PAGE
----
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Jack Gageby's Website

First Flight to Las Vegas - May 1968

I received my private pilot ticket in the spring of 1963 and then got married to Janice Vazzana that summer.  Marriage stopped my flying for about 5 years, during which a son and daughter were born, and a home was purchased.  There was hardly enough money to live on.  Certainly no money for flying.

In 1968 with some overtime I started budgeting $12/week for flying.  Friend, Matt Halper, was a member of a club at VNY, which I joined.  The cost was $15/month fixed fee and $7.50/hour for a Cessna 150, and $12/hour for a Cessna 172.  With around 80 hours in my logbook I was flying again.

OK, let’s go the Las Vegas!  I had never been more that 150 miles from home base before.  Time for an adventure.  To get the cost down, I asked our neighbors, Jim and Marge, if they would like to go on an overnighter to Las Vegas.  Yes, they would.

We depart early on Saturday in early May, on a beautiful morning.  The air is clear and smooth.  Our route is from the Van Nuys Airport to the Palmdale VOR, to the Daggett VOR and then direct to Las Vegas (the Las Vegas VOR being on McCarran Field).  I had never talked with an approach control before this flight.  About 20 miles out from LAS I call Las Vegas Approach Control.  He identifies me, and says to descend to 4000.  At 4000 feet, rapidly approaching the airport, I wonder what is going to happen next.  There are no further instructions until we are directly over the airport.  The controller says, “Turn left to enter a left downwind for runway 19R, and contact the Tower.”  I’m still at 4000, 1800 feet about the ground!.  I call the Tower.  Tower says, “Cleared to land.”  Well that was easy.

We had a nice evening, attending the Tom Jones show.  When Tom Jones began to sing, Marge jumps up and lets out an uncontrollable shriek of sexual excitement.  Everyone at our table looked in amazement.  Her husband, Jim, wanted to crawl under the table.

Sunday morning comes.  I check the weather with the FSS.  It is a dust storm in Las Vegas and expected to stay that way all day.  The wind is blowing about 40 knots with gusts to 60 knots.  The visibility is less than a mile in dust.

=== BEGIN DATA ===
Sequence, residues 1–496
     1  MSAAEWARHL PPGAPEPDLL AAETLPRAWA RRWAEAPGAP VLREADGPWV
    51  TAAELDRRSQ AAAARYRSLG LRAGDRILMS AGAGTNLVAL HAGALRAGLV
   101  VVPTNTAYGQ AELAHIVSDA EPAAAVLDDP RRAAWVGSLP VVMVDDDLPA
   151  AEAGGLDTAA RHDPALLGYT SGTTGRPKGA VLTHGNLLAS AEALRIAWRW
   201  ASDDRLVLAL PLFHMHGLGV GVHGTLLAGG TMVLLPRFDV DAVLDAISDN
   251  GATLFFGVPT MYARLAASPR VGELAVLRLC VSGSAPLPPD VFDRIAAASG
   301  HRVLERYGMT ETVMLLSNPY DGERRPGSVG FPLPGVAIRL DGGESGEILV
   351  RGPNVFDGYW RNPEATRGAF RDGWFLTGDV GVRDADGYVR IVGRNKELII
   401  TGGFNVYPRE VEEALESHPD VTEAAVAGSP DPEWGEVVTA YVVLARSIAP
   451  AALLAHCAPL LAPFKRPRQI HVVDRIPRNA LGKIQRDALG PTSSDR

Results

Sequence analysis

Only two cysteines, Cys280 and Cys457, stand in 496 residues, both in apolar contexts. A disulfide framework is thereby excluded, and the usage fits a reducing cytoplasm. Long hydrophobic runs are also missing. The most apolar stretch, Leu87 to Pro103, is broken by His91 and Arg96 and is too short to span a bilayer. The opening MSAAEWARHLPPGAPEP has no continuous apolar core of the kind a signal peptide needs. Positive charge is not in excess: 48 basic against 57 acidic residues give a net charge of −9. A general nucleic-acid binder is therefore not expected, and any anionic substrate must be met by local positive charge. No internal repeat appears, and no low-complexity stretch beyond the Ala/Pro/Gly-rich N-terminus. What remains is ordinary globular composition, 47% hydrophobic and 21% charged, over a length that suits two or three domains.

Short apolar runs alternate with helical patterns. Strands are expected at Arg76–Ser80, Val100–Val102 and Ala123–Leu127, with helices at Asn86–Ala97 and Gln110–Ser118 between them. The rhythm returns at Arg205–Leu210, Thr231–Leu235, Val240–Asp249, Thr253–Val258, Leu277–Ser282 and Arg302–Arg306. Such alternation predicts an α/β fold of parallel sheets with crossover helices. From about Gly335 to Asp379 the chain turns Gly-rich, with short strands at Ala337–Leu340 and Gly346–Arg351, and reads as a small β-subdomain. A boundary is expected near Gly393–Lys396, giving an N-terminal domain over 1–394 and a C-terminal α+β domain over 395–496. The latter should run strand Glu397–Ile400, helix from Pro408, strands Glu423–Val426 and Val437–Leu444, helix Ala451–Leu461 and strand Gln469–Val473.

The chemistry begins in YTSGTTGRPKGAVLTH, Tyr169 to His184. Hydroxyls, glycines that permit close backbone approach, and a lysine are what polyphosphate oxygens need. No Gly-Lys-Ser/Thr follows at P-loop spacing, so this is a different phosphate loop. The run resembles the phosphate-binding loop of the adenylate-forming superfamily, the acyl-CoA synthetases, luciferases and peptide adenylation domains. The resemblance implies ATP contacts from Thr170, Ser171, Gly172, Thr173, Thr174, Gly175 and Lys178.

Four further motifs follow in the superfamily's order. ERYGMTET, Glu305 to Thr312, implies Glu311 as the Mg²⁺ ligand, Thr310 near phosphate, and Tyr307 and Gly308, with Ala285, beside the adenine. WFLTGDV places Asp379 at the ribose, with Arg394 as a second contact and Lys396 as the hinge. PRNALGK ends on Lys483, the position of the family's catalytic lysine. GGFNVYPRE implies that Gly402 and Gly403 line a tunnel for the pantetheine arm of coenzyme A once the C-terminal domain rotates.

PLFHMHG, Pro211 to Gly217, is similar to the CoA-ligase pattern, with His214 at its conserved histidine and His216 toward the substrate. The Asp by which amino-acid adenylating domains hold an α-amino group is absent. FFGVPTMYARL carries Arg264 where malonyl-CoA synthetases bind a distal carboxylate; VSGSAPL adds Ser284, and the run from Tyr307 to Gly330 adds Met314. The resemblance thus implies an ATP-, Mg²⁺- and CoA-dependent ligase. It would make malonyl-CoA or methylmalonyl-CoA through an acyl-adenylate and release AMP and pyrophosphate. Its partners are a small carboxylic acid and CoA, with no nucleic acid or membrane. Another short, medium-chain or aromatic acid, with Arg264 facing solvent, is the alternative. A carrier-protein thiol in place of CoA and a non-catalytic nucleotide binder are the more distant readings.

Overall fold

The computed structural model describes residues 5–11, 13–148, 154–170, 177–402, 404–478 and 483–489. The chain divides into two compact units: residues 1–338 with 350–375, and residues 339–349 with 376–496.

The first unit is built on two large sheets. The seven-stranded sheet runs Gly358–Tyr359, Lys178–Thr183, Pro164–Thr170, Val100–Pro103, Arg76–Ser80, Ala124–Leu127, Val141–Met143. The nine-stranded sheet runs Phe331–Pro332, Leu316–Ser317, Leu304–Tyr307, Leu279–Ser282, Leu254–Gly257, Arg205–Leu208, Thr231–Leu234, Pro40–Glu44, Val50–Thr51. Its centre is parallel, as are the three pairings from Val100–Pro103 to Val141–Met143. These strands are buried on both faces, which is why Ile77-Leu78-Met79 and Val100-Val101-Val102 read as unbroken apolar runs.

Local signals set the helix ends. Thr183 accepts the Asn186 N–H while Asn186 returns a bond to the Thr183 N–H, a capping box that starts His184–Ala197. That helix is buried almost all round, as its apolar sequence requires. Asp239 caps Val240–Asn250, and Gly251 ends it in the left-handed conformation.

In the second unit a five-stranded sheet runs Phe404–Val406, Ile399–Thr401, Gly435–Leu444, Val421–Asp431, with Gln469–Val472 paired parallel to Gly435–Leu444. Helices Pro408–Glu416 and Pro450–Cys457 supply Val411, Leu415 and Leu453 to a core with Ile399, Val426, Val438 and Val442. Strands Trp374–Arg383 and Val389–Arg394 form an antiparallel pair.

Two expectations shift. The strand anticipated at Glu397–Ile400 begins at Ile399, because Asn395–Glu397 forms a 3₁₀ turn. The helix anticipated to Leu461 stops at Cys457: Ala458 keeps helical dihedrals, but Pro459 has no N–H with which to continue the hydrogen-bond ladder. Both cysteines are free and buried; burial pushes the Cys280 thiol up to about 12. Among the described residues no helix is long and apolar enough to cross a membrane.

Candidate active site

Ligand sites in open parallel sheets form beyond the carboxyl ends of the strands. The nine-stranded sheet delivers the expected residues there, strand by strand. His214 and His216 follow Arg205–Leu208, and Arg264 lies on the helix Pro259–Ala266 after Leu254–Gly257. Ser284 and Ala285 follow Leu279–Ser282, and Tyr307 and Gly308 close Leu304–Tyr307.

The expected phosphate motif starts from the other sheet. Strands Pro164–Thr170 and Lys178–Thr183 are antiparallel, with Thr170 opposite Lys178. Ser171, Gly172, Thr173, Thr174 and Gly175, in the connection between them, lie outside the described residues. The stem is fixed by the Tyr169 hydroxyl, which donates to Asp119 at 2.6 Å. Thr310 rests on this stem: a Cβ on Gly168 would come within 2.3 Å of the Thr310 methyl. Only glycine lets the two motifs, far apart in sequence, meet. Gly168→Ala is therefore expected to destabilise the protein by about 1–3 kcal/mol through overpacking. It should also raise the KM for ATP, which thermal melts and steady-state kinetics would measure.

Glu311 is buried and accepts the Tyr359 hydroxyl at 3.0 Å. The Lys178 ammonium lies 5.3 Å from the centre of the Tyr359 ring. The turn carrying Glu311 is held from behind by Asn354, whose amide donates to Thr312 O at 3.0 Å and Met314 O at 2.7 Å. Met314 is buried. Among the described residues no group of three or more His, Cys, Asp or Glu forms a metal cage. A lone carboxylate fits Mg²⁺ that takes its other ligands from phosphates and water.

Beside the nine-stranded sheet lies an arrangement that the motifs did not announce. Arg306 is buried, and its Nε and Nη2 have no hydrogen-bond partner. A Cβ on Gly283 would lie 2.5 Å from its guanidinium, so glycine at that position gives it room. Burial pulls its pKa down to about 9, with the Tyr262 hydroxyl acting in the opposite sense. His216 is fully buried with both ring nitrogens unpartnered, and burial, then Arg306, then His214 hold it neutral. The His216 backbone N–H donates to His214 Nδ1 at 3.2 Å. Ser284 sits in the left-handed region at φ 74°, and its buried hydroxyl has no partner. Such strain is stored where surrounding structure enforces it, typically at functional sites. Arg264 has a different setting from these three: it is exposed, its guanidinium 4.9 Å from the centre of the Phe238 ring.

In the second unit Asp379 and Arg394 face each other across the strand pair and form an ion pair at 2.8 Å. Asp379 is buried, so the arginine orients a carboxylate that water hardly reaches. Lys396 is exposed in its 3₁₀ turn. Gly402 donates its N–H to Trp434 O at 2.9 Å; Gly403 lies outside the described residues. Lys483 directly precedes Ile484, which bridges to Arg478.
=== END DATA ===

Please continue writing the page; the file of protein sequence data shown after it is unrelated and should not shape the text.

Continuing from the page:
It is decided that the wife and neighbors will fly home on TWA.  I will stay over night and fly home alone on Monday.

Their TWA flight does not leave until the last afternoon.  With nothing to do, we all sit down at a blackjack table.  I had no blackjack experience.  4 hours pasted and I was only down $10.  I was hooked on blackjack from then on!

Monday at 5 AM I’m awake.  The wind is blowing, but only about 20 knots out of the south.  The visibility is good.  I file a VFR flight plan with FSS.  My route of flight is from LAS along Highway 15 to Daggett, direct to Palmdale then to VNY along Highway 14 to the Newhall Pass.  The weather briefer says the conditions looks good for a VFR flight to VNY, except for a 30 knot headwind.  There was one other thing.  It was 2000 foot overcast at Daggett.  I asked for the cloud tops at Daggett.  He said he didn’t know but I could probably fly over the cloud layer.

At 6 AM I took off and headed south along Highway 15.  Approaching the town of Jean there was a cumulus cloud forming.  (Jean is near the Nevada-California border).  The base of that cumulus was about 9000 feet.  There was an updraft of over 1000 feet/minute under that cloud.  I just kept the C172 in a level attitude and went up like an elevator.  I had never experience this kind of an updraft before.

I level off at 8500, my planned cruising altitude.  At Mountain Pass, I fly between two cloud layers.  In the pass I turn right, following Highway 15, and head towards the Daggett VOR.  The cloud layer above me slopes downward towards Daggett.  Out of the pass there is visual contact with the ground.  I am forced to descend to stay under that cloud layer above.  Flying into the headwind my progress over the ground is a snails pace.  The cars and trucks below are going faster than me.

 Flying along Highway 15, near Baker, I tune to the Daggett Flight Service Station frequency and listen.  The FSS operator says to a CESSNA 150 pilot who is taxiing out for takeoff, “Wind 260 at 35 gusting to 45.  It’s a good day for an accident.”  I think,  “Sure glad I’m not landing at Daggett today!”